We all start our “careers” in motherhood one way or another. Some prepare, plan, read lots of books and think they are going to have it all mapped out and controlled. Ha, you kids kill me. Others fall into it accidently because they are stupid or irresponsible, like me.
The point is, regardless of how you came to be a mom; your life has changed-FO’EVA. Not in the flowery way; I’m referring to the fact that now you have someone else’s needs that come before your own. Your ship has changed course and you are no longer captain but rather some deck-hand down below hustling around like a sucka.
I saw this picture recently of my family (circa 2008) and was taken aback at how “momsie” I looked. Let me define what I mean by “momsie”. To me, momsie means a tired face, hair that is slightly off, out of date/ill-fitting clothing, beige teeth, terrible posture and perhaps a few extra pounds than necessary. To be described as momsie means you aren’t bringing the heat. You’ve lost something.
As I mentioned above, I had not planned to start my mothering career when I did, I was caught a bit off-guard. Is this an excuse to look bad, maybe? I think if you look at motherhood the same way you would look at any other career, you can see similar patterns emerge. You start out a bit scared, intimidated and in need of guidance and more experience to feel self-assured in your decisions. As time passes, you realize things are not that heavy-duty and you can handle it. After a few years in the same industry and you have moved up the ranks and feel better about things and are much more efficient (think second child).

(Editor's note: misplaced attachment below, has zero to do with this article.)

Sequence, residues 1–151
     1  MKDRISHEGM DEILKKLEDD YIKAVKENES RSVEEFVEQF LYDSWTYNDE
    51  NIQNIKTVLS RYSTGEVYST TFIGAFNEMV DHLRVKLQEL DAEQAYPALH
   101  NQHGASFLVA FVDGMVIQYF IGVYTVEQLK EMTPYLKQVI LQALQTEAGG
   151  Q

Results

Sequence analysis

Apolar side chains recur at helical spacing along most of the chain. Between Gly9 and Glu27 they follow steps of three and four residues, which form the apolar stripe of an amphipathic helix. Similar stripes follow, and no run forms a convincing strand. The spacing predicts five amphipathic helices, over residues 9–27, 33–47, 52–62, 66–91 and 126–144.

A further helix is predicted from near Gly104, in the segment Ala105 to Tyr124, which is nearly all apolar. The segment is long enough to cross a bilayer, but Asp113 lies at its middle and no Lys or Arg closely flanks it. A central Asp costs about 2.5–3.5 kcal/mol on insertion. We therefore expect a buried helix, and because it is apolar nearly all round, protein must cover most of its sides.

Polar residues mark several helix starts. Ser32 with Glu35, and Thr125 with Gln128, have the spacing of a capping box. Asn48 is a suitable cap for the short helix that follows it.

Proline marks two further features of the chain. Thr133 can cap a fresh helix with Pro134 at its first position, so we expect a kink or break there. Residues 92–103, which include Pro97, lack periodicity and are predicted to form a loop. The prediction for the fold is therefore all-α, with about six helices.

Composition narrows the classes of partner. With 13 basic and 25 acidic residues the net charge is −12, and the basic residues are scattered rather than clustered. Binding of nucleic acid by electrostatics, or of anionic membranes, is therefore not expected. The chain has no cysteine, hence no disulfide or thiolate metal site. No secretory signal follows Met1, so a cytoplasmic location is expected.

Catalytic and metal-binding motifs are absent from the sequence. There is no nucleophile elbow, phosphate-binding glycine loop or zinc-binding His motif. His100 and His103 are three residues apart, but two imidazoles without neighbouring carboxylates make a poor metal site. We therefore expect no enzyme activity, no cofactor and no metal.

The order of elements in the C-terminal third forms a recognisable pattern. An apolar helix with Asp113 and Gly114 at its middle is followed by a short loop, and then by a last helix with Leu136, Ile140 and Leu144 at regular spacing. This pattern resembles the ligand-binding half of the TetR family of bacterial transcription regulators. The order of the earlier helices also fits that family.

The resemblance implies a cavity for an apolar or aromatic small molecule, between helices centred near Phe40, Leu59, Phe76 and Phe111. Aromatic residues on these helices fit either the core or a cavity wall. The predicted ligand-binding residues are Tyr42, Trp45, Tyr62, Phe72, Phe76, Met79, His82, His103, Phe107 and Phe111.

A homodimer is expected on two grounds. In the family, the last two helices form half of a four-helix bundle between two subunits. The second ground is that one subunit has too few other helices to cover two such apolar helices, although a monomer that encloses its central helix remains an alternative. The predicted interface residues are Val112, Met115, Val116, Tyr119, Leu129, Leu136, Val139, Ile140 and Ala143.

So back to this picture. I didn’t quite have my mom-legs yet; as far as my “career,” I was finding where I fit in and how to make it happen. I was deep in momsie-land and close to my max-out; the point where my wardrobe consisted solely of yoga pants, I had a bad short haircut and bought a van.
When I see this picture it makes me laugh at how caught up you can get and forget how good it feels to look good and take care of yourself. I am happy to say that seven years in I think I have this thing under control and have some of my swagger back. At least my hair isn’t feathered anymore and I finally got a bleaching kit.